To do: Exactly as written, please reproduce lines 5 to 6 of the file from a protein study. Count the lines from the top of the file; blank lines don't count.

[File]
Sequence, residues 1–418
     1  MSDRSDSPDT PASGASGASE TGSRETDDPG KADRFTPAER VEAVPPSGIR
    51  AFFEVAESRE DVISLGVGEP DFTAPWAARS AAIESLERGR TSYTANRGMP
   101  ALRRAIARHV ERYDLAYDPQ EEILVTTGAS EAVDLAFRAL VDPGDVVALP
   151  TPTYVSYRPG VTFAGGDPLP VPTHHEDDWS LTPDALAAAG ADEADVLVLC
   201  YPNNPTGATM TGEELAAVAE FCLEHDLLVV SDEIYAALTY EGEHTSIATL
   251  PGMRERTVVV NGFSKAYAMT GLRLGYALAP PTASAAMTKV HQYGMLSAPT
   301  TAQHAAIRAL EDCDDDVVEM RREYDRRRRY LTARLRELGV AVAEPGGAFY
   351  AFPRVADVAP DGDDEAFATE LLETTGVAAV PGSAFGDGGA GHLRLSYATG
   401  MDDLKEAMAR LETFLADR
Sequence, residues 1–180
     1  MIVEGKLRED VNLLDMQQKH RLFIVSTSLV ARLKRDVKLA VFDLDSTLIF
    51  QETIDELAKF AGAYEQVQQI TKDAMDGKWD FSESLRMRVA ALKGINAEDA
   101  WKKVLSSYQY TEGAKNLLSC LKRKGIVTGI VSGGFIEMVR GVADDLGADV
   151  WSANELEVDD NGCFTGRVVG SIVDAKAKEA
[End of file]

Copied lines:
   151  TPTYVSYRPG VTFAGGDPLP VPTHHEDDWS LTPDALAAAG ADEADVLVLC
   201  YPNNPTGATM TGEELAAVAE FCLEHDLLVV SDEIYAALTY EGEHTSIATL